Evans stopped Sonnen in the first round, when the Oregon native tapped due to strikes after taking a severe amount of punishment. "Suga" defended Sonnen's takedown attempt and after landing one of his own, he kept the pressure on and blasted his broadcast partner with elbows and fists until Herb Dean stepped in to save Sonnen (watch highlights here).
Evans is now 2-2 in his last four, and looked the most impressive he has ever looked in the past two years. Sonnen has only one win in his last four bouts.
Many observers thought it was going to be a great night for TriStar, but it did not begin well. Rory MacDonald, who was perceived as the future of the sport hit a roadblock in veteran Robbie Lawler, who was awarded the split decision victory (watch highlights here).
"Ares" looked good in the first two rounds, as he was using his technical striking well and took "Ruthless" down a few times, but was still getting hit.
Lawler started to turn it on in the third round after ending the second round on his back, knocking Rory down with a big punch and followed up with strikes in hopes of finishing the fight. Although MacDonald tried to resurge in the last 20 seconds, he was too hurt to gain any sort of advantage.
Now being 3-0 in his second stint in UFC, Lawler finds himself in the top five when it comes to the best welterweights in the world and makes a case for a title shot. "Aries" suffers his second career loss and is now 15-2 in the sport.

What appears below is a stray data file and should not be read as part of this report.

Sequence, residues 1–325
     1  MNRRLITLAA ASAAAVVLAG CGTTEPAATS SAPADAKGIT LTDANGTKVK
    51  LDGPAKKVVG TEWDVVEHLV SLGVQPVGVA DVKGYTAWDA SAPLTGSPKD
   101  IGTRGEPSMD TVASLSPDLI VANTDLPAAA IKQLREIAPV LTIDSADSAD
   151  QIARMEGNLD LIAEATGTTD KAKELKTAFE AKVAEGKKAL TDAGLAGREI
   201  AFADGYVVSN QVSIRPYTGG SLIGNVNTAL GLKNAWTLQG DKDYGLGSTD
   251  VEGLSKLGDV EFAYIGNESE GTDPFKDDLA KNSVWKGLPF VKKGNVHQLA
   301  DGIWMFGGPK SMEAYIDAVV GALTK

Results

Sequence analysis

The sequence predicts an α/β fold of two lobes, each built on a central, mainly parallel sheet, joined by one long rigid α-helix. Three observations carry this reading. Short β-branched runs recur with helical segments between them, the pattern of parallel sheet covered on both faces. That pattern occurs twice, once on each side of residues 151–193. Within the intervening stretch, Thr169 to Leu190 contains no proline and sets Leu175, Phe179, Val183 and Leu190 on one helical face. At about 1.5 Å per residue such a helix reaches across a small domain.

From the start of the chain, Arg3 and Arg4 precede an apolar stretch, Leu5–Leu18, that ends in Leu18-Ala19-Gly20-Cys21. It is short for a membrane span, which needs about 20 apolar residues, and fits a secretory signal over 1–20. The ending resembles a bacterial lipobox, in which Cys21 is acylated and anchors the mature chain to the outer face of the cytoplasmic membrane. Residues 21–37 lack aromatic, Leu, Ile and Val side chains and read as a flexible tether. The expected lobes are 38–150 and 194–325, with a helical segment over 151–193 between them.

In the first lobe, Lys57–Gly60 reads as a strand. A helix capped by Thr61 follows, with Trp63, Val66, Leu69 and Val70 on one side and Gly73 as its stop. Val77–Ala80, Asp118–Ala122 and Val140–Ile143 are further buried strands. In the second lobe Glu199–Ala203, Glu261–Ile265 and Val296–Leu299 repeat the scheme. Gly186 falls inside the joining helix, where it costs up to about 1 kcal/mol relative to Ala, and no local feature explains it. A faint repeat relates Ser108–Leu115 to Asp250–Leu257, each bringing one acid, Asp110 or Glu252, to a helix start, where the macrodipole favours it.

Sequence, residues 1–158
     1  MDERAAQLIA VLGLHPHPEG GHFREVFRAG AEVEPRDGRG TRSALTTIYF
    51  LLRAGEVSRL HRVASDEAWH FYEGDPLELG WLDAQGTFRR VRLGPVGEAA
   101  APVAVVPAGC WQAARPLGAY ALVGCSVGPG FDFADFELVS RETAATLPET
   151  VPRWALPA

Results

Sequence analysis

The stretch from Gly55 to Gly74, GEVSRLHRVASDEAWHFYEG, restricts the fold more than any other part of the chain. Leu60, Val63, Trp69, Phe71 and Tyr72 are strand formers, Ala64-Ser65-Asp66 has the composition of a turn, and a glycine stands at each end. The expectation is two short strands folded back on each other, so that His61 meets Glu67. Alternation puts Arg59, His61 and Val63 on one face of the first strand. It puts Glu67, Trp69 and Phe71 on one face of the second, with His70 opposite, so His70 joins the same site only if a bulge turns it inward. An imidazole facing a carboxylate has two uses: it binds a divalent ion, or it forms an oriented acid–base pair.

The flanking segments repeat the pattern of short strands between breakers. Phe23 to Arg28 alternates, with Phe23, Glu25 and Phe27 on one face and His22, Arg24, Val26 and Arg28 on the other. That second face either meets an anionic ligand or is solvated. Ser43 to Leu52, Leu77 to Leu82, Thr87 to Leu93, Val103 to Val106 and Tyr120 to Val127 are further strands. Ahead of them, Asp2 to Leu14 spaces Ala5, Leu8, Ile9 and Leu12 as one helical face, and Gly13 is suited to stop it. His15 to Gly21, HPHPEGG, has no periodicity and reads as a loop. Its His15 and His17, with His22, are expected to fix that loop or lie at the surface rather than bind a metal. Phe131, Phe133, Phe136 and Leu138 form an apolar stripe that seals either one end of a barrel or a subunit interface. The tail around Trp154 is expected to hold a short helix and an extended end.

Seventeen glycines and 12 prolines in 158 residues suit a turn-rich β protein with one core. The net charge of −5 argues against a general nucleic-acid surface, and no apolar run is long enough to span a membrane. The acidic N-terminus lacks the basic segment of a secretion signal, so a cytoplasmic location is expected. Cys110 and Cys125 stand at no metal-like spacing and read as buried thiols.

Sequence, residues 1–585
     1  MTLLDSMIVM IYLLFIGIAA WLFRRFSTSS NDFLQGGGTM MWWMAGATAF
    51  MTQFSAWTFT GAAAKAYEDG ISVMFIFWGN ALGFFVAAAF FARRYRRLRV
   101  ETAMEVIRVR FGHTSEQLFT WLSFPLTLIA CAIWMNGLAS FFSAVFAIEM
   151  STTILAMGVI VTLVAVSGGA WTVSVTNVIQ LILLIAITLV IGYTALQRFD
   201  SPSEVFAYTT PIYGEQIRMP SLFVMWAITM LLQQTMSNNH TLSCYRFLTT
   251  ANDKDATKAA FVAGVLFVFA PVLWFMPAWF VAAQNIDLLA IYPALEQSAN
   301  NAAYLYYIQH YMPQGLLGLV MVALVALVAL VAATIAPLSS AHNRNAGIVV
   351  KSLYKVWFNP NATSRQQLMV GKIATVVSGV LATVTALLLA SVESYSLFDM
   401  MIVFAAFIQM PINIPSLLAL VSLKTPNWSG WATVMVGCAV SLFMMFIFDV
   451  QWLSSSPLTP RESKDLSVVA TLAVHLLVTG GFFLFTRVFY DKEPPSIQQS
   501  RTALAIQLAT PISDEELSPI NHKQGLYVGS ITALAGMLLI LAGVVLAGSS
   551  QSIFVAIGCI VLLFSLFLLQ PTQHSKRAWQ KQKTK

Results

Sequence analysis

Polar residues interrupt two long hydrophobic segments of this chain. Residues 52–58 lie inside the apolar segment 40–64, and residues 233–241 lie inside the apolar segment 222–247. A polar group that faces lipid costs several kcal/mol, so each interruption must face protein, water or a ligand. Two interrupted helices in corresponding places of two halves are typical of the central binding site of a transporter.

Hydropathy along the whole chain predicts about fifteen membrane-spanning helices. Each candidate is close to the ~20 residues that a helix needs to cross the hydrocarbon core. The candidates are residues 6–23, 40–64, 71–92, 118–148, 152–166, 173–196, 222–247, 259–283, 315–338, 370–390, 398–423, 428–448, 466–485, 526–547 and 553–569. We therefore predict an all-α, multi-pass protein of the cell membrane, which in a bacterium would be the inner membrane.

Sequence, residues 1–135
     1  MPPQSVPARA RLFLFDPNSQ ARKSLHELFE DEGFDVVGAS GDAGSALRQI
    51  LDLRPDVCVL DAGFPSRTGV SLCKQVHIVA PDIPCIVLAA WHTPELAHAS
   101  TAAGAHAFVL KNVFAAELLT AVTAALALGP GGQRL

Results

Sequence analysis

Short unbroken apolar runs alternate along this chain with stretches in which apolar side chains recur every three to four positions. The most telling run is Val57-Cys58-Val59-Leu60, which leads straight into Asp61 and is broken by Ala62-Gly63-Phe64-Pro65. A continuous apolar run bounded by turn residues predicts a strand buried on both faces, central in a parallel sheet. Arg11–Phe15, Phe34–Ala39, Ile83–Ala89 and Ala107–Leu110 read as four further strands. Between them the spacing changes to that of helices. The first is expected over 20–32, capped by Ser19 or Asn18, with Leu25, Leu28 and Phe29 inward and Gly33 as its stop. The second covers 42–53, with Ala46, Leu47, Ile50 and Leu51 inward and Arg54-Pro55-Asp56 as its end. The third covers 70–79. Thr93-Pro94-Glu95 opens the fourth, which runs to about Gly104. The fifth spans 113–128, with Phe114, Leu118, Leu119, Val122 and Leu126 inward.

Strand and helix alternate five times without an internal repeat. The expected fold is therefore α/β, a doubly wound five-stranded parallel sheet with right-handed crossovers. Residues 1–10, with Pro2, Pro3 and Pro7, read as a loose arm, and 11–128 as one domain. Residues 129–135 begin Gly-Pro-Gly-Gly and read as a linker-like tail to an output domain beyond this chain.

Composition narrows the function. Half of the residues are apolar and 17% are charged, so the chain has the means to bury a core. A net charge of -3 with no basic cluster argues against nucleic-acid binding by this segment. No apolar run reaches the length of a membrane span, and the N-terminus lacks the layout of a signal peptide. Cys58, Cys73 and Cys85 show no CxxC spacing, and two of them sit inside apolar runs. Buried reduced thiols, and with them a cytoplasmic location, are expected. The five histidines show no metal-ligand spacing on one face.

Another welterweight contender emerged on Saturday night as well, as Tyron Woodley knocked out Josh Koscheck in a slugfest that resulted in The Ultimate Fighter (TUF) season 1 winner on the receiving end of his second-straight knockout loss.
Woodley and "Kos" exchanged blows in the early moments of the opening rounds, with both fighters rocking the other and having good moments. Woodley looked superior, dropping the Fresno-based fighter in the opening 30 seconds.
"The Chosen One" capitalized on Koscheck's eagerness to trade and when the former title challenger came in forward without protecting himself, "T-Wood" blasted Koscheck with a right hand, followed by a combination for good measure to leave "Kos" out on the mat.
The PPV action commenced with a grueling flyweight bout between Ali Bagautinov and Tim Elliott, with the Dagestan fighter winning his second fight inside the Octagon.
Elliott was able to land takedowns early on in the fight, yet could not find a home for his power punches and his opponent capitalized on that.
Bagautinov was able to hit Elliott and stray from his adversary's attacks, and kept the fight standing to the joy of everyone in attendance. Elliott was unable to find his range and Bagautinov mixed it up with solid kicks and huge right hands.
Bagautinov gets his second straight UFC victory.
Donald Cerrone hurt Dunham badly in the first round, dropping him and continuously landing a knee that was tagging his prey over and over again. After being taken down in the second round, Dunham found himself in a triangle choke and had no alternative but to tap, tied up like a pretzel against the fence.